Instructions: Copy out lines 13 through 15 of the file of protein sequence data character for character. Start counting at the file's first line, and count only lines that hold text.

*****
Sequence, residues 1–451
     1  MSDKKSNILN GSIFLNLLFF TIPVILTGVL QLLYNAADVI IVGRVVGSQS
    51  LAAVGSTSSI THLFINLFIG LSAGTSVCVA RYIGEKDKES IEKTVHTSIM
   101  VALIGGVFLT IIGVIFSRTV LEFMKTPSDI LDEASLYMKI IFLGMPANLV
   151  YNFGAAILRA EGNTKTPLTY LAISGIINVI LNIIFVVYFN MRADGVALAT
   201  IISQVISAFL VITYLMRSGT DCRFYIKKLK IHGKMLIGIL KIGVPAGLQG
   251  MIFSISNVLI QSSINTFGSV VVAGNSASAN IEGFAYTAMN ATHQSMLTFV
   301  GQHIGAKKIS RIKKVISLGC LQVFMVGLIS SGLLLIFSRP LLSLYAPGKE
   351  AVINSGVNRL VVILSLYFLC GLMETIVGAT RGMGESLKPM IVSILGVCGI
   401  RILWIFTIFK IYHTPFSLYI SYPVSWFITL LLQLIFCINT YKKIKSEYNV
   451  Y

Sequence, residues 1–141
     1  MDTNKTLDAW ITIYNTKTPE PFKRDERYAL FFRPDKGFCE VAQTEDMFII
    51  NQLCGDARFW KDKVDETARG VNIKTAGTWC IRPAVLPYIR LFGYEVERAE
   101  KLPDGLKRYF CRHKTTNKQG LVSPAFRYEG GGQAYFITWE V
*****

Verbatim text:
     1  MDTNKTLDAW ITIYNTKTPE PFKRDERYAL FFRPDKGFCE VAQTEDMFII
    51  NQLCGDARFW KDKVDETARG VNIKTAGTWC IRPAVLPYIR LFGYEVERAE
   101  KLPDGLKRYF CRHKTTNKQG LVSPAFRYEG GGQAYFITWE V